You’ve taken the right high school classes, participated in Mr. Test Prep’s program, and have finally taken the standardized test you prepared for. Now you have your scores; what’s next? In this blog from Peterson’s College Search, they explain why you can’t “pass” or “fail” a standardized test, but that doesn’t mean you’re off the hook! The reason you take the test is to pretty up your college applications, so a passing score is one that’ll get you in.
Getting the score on SAT scores
Most colleges publish their median SAT scores, so it just takes a little research to figure out what you’re shooting for. For a snapshot of your performance, check out your percentile scores. They show how you stacked up against the competition. If you’re in the 82nd percentile for the Math test, then you outscored 82 percent of other students. Raw scores help you get particular — and discover where you can make improvements. To calculate raw scores, the College Board uses a simple formula: they add a point for correct answers and subtract a quarter-point for wrong ones. That little formula can have a big impact on your cumulative score.
Not happy with your SAT scores?
If you’re not totally content with the scores you’ve received, don’t panic. There are some easy ways to improve the next time around. Remember the formula we were just talking about? You can actually use the way the SAT is scored to your advantage:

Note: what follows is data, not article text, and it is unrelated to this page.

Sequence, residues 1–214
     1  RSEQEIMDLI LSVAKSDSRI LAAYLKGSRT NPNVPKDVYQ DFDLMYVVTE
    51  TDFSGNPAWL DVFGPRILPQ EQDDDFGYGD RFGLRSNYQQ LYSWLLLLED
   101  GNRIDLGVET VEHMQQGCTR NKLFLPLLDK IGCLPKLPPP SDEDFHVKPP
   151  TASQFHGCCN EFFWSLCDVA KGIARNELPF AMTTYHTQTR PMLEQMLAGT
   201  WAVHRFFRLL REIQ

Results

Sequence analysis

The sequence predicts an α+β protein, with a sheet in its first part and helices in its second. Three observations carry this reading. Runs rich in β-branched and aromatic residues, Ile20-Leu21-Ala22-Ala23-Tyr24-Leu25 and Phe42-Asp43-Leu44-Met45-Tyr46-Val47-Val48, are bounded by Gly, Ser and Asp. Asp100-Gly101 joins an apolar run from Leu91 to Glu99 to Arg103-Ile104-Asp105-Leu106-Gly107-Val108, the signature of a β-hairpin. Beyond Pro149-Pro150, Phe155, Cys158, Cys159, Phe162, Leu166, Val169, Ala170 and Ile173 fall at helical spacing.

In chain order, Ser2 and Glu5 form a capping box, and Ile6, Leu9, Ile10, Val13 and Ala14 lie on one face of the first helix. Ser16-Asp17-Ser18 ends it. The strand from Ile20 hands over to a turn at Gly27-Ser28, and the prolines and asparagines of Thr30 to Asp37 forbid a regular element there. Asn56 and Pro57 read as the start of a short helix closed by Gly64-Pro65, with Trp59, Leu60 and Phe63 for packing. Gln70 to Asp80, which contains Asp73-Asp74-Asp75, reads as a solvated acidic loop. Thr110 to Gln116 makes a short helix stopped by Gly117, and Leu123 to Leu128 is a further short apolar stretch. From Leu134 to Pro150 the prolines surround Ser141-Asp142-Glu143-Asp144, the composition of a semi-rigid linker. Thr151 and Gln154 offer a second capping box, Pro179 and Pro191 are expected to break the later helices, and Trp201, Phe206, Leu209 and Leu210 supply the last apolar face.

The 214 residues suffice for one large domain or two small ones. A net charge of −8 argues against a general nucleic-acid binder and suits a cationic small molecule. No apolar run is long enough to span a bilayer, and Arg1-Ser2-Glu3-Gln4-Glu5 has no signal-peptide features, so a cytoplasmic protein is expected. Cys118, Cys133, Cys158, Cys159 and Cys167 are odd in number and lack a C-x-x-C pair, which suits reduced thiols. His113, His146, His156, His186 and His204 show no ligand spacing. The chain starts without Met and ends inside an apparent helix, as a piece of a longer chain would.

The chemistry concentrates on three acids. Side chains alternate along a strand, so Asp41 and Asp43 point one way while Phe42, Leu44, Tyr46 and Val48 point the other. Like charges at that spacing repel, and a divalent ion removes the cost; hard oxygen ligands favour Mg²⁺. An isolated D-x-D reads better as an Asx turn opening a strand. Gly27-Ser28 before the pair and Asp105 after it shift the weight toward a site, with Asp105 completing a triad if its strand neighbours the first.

Strategy #1 Get more questions right. Just one or two more correct answers can increase a section’s score by 50 points or more.
SAT scores: Then there’s the essay
While some students are still overwhelmed by the Writing test, keep it in perspective. The essay only accounts for a third of your Writing score — or a ninth of your total score. When you get your SAT scores back, you’ll see an essay score ranging from 0-12. The cool part? You can now go online (check your score report for the Web address) to view and print a copy of your essay response. One you have it, you can take it to your parents or Mr. Test Prep for pointers. But first, look at it yourself! Did you write neatly enough for the average human to understand it? Are your grammar and spelling in check? Did you conclude with a conclusion? Though your score is based on overall content, all of these things can have an impact.
The SAT is a big part of the college application process, but remember that it’s only a test. You can easily prep some more and work toward the score you need.
Credit: Peterson’s College Search
Mr. Test Prep strives to prepare students with his Los Altos SAT Test Preparation program. When students engage in his Los Altos SAT Test Preparation program their scores reflect the hard work and dedication put forth. Call Mr. Test Prep today and be prepared!